As for what you should do, that is something only you can decide, but do please consider the following:

  1. You could use Comcast's DNSSEC resolvers and hope no one snoops and MITMs the connection between your machine's and Comcast's resolvers.

  2. You could use OpenDNS's resolvers, connect to them using DNSCurve, and hope that no one feeds bad data to those resolvers, as they do not use DNSSEC. (To be fair, OpenDNS has a very good track record of preventing such attacks.)

  3. You could run your own resolver using freely available open source software such as BIND, PowerDNS, or Unbound; enable DNSSEC on said resolver; and keep the queries on your local network—or better yet, run a resolver on each machine. (This is the best option IMHO, as it addresses the weaknesses of both of the other two options)

  • I do not think that pdns-rec (the powerdns recursive resolver) does dnssec at this point.
    – dfc
    Commented Jun 26, 2013 at 1:25
  • I could be totally wrong about this, but isn't the "DNS resolver" actually built into the client's operating system? (According to Wikipedia it is en.wikipedia.org/wiki/Domain_Name_System#Client_lookup) Wouldn't that mean that it's not just Comcast's DNS servers that verify the signature, but also the client's computer which made the DNS request? If that's true, then in reality DNSSEC does protect against MITM to some degree. (Though it can't prevent the DNS equivalent of SSL stripping, AFAIK.)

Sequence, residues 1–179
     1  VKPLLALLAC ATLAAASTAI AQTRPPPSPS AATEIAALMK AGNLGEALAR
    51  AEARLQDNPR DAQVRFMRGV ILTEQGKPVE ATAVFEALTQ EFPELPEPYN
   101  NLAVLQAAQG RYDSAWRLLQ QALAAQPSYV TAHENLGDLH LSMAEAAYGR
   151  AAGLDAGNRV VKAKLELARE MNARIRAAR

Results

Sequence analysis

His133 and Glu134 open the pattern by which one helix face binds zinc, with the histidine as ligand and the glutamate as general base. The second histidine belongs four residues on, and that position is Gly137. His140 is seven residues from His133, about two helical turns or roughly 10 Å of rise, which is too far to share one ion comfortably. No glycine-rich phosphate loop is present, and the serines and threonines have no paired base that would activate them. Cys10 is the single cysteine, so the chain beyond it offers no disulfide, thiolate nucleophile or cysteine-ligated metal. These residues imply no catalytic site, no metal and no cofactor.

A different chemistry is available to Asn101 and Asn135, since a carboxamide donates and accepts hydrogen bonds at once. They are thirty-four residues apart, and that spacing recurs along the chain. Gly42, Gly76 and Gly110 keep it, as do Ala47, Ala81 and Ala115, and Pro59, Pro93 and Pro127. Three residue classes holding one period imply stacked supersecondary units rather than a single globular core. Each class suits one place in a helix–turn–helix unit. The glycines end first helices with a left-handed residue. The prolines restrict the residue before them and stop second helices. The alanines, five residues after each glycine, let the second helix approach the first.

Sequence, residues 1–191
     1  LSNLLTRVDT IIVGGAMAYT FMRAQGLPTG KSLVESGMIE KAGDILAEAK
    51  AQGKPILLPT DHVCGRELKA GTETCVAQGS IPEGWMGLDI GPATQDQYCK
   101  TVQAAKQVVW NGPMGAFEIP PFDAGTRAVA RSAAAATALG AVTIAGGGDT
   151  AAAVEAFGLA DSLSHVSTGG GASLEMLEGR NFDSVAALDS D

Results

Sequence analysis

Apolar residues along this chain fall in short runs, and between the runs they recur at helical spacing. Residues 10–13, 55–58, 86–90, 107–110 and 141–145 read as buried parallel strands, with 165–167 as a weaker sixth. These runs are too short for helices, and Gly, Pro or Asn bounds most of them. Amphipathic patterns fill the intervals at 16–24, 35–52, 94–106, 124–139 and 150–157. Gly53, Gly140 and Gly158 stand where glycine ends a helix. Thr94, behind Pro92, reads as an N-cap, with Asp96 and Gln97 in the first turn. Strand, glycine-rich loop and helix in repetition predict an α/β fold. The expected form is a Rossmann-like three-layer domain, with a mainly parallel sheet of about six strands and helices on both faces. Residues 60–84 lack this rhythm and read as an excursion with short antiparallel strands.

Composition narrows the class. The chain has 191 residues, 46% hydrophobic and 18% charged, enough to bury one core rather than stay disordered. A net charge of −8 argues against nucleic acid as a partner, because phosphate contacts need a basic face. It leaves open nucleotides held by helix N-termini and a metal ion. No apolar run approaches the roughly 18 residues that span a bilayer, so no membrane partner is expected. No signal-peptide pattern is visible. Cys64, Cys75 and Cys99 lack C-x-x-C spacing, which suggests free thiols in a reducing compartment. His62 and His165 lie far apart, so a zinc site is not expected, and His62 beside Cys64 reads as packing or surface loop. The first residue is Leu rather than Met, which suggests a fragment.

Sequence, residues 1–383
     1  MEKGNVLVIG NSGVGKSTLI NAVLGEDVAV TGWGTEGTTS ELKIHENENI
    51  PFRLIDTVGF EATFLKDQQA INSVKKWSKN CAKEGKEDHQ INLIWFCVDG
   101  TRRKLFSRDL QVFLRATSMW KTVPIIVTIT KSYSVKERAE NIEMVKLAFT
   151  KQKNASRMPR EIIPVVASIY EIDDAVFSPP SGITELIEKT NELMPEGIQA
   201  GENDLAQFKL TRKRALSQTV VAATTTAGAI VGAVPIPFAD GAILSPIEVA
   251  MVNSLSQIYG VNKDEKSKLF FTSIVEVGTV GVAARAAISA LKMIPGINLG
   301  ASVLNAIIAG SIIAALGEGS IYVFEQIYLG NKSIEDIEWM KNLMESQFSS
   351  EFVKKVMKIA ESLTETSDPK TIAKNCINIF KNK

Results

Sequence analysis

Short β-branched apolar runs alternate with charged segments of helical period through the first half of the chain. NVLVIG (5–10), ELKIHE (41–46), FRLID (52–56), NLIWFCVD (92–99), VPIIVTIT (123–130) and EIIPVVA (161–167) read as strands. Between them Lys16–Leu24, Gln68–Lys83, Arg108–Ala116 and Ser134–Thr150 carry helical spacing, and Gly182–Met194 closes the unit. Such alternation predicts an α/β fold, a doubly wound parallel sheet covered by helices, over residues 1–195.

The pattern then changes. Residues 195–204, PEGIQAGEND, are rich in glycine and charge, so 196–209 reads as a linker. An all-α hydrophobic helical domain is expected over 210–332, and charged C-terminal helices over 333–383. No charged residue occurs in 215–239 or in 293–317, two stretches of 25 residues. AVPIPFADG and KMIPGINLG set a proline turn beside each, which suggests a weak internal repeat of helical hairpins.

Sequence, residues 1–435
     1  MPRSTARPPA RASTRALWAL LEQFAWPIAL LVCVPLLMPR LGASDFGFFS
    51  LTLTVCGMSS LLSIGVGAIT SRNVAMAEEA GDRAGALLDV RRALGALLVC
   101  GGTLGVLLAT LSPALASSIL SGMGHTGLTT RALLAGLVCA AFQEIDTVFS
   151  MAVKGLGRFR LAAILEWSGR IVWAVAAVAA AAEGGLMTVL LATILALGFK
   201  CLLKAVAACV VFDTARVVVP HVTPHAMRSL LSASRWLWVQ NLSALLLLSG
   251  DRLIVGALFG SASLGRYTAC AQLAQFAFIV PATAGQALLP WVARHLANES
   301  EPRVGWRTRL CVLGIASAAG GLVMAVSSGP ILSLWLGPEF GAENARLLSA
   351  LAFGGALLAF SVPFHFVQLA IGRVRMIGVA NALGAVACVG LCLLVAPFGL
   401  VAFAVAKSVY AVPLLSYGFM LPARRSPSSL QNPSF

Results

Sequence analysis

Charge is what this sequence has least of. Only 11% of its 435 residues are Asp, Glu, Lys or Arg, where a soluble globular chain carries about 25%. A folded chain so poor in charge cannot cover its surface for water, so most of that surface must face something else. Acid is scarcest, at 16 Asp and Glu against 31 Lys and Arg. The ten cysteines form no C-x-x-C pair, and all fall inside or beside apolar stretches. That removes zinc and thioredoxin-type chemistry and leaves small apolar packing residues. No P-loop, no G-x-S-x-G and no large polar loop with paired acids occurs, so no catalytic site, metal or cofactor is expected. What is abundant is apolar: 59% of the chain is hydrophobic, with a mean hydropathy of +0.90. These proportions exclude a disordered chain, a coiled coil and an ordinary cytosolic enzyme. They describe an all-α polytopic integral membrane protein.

– Ajedi32
    Commented Mar 17, 2015 at 16:58
  • I doubt in-built OS resolvers do anything besides forwarding and caching. Also, it's just DNS there, not DNSSEC.
    – Pacerier
    Commented May 22, 2015 at 4:44

DNSSEC and DNSCurve essentially do the same thing. They allow a client to verify that the records in a DNS response are identical to what the zone owner initially configured. They're not bulletproof; parent zones, registrars and registries can still do whatever they want with zones they are directly or indirectly authoritative for. But it's still better than nothing.

For this to work, zones obviously have to be signed.

Zones signed with DNSCurve are virtually nonexistent. The fact that it adds encryption is, in practice, completely useless; given the number of signed zones, the packet size is enough to guess what the query is.

DNSSEC is getting some traction, but its deployment remains pretty slow. Still, it remains far more deployed than DNSCurve, and popular tools such as openssh and mail servers can take advantage of it.

The most secure scenario is when the verification is done by the client itself. Or at least, if you trust your local network, on the router. Now that dnsmasq supports DNSSEC validation, router firmwares start to support it as well.

Now, by using a 3rd-party resolver and not doing any validation on your own network, you:

  1. blindly trust what the resolver sends to you.
  2. even if the resolver sends you a correct response, the network segment between the resolver and your client remains vulnerable to DNS spoofing.

If you are a Comcast customer, the DNS resolver is as close as possible from your router, and your connection completely depends on Comcast already. If you are using another 3rd-party resolver, every hop between your router and that resolver can be used to potentially hijack the responses.